Physlets run in a Java-enabled browser, except Chrome, on the latest Windows & Mac operating systems. If Physlets do not run, click here for help updating Java & setting Java security.
Illustration 15.4: Airplane Lift
Please wait for the animation to completely load.
The animation shows the cross section (side view) of a model airplane wing with air moving past the wing (position is given in centimeters and time is given in seconds). Restart. Where is the speed of the air greatest? Where will the pressure be higher? How does this explain the lift on an airplane? Using Bernoulli's principle we can find the pressure difference between the top and the bottom wing and it is
ΔP = ρ (vabove2 - vbelow2)/2.
First, find the speed of the air above (once above the wing, the air speed is constant) and below the wing. We can find the average speed easily as the displacement over the time interval, and we find that vbelow = 950 cm/s = 9.5 m/s and vabove = 990 cm/s = 9.9 m/s.
Now we can calculate the pressure difference using our results for the air speed and the density of air, ρ = 1.3 kg/m3. We find that in this case ΔP = 5 Pa. If the surface area of the wing is 0.1 m2, what is the net force (lift) on this wing? Since P = F/A, we find that the net force will be the pressure difference times the area or 0.5 N.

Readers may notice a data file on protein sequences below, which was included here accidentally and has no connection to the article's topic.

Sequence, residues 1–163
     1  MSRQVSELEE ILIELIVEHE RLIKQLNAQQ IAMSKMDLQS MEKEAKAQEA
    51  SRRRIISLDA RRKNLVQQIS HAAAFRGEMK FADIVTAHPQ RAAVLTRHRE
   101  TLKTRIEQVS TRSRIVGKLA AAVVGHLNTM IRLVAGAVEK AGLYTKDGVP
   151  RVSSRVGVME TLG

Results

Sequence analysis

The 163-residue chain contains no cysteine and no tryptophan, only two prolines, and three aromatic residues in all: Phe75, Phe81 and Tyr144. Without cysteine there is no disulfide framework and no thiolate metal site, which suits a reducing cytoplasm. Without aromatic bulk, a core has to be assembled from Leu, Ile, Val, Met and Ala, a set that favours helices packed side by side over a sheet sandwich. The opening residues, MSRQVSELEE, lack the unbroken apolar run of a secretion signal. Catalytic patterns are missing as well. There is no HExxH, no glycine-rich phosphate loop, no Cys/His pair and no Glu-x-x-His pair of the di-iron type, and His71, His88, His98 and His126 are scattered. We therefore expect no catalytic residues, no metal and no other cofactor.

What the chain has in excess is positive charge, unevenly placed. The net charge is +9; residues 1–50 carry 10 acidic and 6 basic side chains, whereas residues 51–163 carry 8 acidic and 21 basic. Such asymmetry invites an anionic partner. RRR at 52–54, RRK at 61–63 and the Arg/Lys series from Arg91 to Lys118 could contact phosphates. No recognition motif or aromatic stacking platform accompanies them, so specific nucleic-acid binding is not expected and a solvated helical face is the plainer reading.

The reason an air flow pattern develops that yields different speeds on the top and the bottom is that the air flowing around the wing moves into nonideal fluid flow. Initially, since the air on top has farther to travel, the air on the bottom of the wing gets to the back of the wing and moves up to "fill" this space, but this instability causes a turbulent wake that eventually allows a new, more stable, air-flow pattern such as the one shown, where air-particles that travel across the top go faster. For a greater difference in pressure, the wing is tilted up (the angle of tilt is called the angle of attack), and this increases the lift.
Note: The format of the time is written in shorthand. For example, a time of 6.00 x 10-3 s, is written as 6.00e-003.
Illustration authored by Anne J. Cox.